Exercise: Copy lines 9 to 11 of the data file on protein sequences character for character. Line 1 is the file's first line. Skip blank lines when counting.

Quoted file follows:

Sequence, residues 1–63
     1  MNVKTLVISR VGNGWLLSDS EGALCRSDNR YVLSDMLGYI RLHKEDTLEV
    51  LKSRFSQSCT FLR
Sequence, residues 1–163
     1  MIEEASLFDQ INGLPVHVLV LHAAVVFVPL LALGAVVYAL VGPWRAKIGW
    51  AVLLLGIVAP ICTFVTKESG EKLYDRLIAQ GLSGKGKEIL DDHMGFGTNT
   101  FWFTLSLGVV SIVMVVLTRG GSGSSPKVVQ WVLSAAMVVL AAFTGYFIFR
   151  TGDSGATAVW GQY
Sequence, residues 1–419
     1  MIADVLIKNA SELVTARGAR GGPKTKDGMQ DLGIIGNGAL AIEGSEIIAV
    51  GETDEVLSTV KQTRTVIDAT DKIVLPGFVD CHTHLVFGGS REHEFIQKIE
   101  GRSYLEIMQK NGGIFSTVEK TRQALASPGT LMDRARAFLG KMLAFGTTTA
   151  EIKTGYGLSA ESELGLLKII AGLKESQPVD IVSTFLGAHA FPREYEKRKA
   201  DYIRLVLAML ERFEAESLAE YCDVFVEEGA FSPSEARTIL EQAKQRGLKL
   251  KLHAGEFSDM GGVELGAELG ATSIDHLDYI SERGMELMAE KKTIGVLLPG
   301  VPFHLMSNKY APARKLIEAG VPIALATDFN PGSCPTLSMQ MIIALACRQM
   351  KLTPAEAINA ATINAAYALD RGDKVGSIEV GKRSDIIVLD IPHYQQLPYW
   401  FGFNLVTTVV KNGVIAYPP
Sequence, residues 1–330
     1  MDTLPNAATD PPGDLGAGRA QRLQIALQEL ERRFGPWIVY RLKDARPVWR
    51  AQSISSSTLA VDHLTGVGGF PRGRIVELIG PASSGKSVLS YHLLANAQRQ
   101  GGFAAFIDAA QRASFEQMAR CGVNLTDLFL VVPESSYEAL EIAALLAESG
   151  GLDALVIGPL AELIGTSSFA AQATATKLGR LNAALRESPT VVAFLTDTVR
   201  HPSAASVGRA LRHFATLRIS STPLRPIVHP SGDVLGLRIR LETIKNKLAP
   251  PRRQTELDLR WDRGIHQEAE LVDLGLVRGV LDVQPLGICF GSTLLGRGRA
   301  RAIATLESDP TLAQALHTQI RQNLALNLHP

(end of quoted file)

Sequence, residues 1–419
     1  MIADVLIKNA SELVTARGAR GGPKTKDGMQ DLGIIGNGAL AIEGSEIIAV
    51  GETDEVLSTV KQTRTVIDAT DKIVLPGFVD CHTHLVFGGS REHEFIQKIE